"You should be more careful what you say, you," Jilly told Ozaire. "A man could get in trouble for saying things like that."

"Get on. I’m just sayin’ it like it is. Last woman that boy got close to is in a cemetery."

Last year Guy’s longtime girlfriend had been murdered in New Orleans. He blamed himself.

"Later," Jilly said, exasperated. She held out the boxes. "We had extra at the bakery. They’re fresh. Put them in the store case for Homer to sell."

Ozaire took the load from her and gave a rare grin. "An’ I thought you was bringin’ me a treat."

Jilly wagged a finger at him. A bug flew into her eye and she dealt with it, then pointed at him again. "You get one. I’ve counted those pastries, I’ll count them again when I come back up. There better be no more than one gone." Give the man the chance and he’d be hauling the stuff off to sell to whoever was using the church hall at St. Cécil’s.

"That there’s a dog what’s a prize, that’s what he is," Ozaire said, as if the topic had never been pastries. "Can’t keep ‘im, no sir. My Lil says four dogs is enough. But this guy’s too good, got too much character to drop him at the pound and have ‘em put him down in a couple of days."

Jilly had been the recipient of Ozaire’s earlier attempts to place strays. "Hope you find a home for him," she said. The man’s love of dogs made her feel more kindly toward him.

"Reckon I have," Ozaire said. "With your prickly friend, huh? Put in a good word, huh? For the dog’s sake, and for that miserable son-of . . ." He let the rest trail off.

Jilly shook her head. "You’re too hard on Guy," she told him, and walked toward the dock. She turned and walked backward a few paces. "I’m going to check on the pastries, mind."

Jilly hurried downhill.

Guy bent to push off one of the rental boats. A couple of guys with fishing gear started the outboard and phut-phutted into the middle of the channel. With the phone still clamped to his ear, Guy stood up and saw Jilly. He gave her a brief wave and started meandering back along the dock. They’d met the previous year when an investigation brought him to Toussaint and he’d become her friend, her best buddy, and she needed to talk openly with him about what was on her mind. He had never attempted to turn their relationship into something deeper but Jilly had seen the hot looks he quickly hid—she wasn’t the only one frustrated by the sexless hours they spent together.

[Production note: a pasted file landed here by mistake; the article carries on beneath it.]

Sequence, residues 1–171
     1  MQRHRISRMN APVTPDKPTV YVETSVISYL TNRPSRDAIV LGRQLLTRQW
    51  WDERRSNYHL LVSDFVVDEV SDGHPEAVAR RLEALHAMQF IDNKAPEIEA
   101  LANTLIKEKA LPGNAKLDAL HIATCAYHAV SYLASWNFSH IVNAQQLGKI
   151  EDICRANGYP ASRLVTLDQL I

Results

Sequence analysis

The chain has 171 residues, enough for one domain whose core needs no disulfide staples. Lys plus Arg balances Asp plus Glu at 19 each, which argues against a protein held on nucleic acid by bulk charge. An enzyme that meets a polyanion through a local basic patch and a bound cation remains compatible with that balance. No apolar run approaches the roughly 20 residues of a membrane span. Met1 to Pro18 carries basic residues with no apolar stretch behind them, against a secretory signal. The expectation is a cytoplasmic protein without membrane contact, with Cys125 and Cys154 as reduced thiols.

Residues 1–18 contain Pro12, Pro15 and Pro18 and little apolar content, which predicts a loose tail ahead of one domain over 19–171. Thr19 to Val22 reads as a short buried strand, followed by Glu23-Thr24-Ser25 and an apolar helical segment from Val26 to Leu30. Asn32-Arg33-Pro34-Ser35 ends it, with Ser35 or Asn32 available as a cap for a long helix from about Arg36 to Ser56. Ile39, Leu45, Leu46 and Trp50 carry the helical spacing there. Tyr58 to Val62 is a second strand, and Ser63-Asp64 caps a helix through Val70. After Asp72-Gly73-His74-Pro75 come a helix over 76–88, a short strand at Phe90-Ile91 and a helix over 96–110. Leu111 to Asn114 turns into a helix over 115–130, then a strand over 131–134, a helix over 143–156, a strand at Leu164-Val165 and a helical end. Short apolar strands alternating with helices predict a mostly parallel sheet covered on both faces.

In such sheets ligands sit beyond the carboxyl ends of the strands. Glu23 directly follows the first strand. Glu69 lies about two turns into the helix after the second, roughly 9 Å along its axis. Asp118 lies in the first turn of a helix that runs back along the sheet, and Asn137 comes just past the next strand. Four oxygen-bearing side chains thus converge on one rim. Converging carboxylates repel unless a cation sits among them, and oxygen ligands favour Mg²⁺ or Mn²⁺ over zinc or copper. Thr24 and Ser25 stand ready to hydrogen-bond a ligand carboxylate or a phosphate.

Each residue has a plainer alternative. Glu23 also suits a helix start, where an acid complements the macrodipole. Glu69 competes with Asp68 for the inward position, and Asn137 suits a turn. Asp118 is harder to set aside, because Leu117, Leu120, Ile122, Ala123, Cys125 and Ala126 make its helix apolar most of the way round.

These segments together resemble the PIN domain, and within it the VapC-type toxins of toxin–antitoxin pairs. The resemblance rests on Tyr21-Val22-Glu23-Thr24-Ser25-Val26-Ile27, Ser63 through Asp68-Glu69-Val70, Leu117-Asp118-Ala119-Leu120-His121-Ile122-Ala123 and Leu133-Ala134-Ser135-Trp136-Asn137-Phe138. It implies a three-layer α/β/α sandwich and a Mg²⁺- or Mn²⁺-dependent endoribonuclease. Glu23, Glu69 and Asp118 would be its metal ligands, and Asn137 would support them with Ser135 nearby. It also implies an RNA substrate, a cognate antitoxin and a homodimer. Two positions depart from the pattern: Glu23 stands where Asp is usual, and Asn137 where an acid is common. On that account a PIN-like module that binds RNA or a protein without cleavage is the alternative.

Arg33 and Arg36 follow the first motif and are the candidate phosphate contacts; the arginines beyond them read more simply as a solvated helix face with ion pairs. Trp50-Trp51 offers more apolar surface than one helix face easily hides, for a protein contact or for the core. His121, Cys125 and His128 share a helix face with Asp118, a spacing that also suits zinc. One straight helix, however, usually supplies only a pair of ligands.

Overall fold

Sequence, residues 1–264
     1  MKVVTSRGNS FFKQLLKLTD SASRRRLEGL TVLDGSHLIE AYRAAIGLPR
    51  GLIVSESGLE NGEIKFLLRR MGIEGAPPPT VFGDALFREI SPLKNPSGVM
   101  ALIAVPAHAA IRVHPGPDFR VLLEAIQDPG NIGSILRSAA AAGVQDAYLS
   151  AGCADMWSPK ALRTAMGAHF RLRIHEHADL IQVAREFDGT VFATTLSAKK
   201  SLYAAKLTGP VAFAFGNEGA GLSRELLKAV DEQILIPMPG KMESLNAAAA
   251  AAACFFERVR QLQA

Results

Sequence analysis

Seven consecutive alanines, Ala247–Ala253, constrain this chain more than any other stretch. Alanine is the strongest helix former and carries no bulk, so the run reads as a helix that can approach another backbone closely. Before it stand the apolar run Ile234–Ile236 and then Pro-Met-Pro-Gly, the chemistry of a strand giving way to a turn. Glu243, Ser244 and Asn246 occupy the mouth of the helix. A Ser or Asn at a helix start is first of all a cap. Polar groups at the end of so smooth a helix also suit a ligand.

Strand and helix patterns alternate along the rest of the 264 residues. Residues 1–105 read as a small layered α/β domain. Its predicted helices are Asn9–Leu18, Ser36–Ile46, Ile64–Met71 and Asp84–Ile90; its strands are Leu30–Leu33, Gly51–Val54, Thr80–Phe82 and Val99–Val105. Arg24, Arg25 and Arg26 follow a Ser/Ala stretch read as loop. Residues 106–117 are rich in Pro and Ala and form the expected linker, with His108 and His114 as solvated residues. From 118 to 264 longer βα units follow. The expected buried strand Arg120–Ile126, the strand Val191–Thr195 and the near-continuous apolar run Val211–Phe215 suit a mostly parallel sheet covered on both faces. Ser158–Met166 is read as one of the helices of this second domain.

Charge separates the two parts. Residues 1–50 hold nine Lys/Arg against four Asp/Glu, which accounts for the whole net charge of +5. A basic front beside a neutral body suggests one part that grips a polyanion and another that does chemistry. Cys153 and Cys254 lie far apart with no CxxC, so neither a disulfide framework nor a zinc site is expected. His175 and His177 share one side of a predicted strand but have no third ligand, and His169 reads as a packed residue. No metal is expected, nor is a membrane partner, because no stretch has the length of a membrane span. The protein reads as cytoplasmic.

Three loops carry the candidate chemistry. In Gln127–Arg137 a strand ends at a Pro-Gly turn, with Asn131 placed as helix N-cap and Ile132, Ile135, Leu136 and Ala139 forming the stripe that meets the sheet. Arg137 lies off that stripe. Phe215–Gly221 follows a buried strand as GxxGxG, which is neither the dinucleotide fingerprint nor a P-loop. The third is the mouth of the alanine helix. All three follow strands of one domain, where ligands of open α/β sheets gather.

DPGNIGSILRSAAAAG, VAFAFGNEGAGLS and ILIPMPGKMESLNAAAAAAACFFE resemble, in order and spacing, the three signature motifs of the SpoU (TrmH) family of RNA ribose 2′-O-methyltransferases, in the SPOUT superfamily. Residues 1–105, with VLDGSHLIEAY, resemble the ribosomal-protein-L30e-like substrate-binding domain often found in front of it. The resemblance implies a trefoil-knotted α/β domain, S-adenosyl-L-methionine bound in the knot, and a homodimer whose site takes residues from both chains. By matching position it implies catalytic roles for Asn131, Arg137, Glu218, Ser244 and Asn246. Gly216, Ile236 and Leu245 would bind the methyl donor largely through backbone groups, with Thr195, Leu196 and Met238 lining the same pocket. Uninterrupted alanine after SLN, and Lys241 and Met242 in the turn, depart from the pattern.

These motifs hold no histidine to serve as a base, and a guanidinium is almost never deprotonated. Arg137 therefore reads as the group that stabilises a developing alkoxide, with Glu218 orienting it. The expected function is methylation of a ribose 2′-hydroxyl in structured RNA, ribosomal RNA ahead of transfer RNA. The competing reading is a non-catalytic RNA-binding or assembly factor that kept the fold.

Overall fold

"Take your sweet time," Jilly muttered. How could a man walk that slowly? "Just let me squirm as long as possible." Do I admit I’m scared and I need to tell you about it? If she did, he’d probably jump all over her, say she was putting herself in danger. Get out of the situation. End of discussion.

Guy stood still, staring up at her, and continued his conversation. After the death of the woman he had loved he refused to go back to NOPD, but they were holding a place for him. Guy was a darn good detective. Meanwhile, Homer had needed someone reliable and asked Guy if he’d work at his place—just to fill the time until he moved on. Guy accepted the job and give it his all. He seemed grateful to Homer and to treat his own place at the station as a trust, even though Jilly knew he had enough money to live on if he wanted to hang around his rented house and do nothing until he decided on his next steps.

Jilly didn’t want Guy to leave his haven in Toussaint, even though he had made it plain he didn’t intend to stay for good.

He stuck the phone back on his belt and speeded up. A tall, rangy man, in faded-out jeans and a navy T-shirt with holes in it, he could cover the ground quickly when it suited him. He met Jilly before she could put a foot on the dock.

She looked up at him, at his unreadable, almost black eyes, and wished she hadn’t come. Ozaire hadn’t been joking about the cloud.

"I wasn’t expectin’ you," he said and winced. He almost always said the wrong thing to Jilly, but not because he didn’t want to tell her how he felt each time he saw her. He guessed he’d never be polished.

"I’m not staying," Jilly said. Not when he looked as if he wished she was somewhere else and he couldn’t even manage to crack a welcoming smile.

He cocked his head to one side and took off his straw Stetson, held it by the fraying brim. "You must have had somethin’ on your mind," he said. "No reason to come this way otherwise." And he wished she’d say something he’d really like to hear, like her creep of a mother had packed up and left town again.

"You can make a person feel pretty unwelcome, Guy." She didn’t dare say it hurt her when he behaved as if she was stranger with bad timing.

He ran a deeply tanned forearm over his brow, blinking slowly.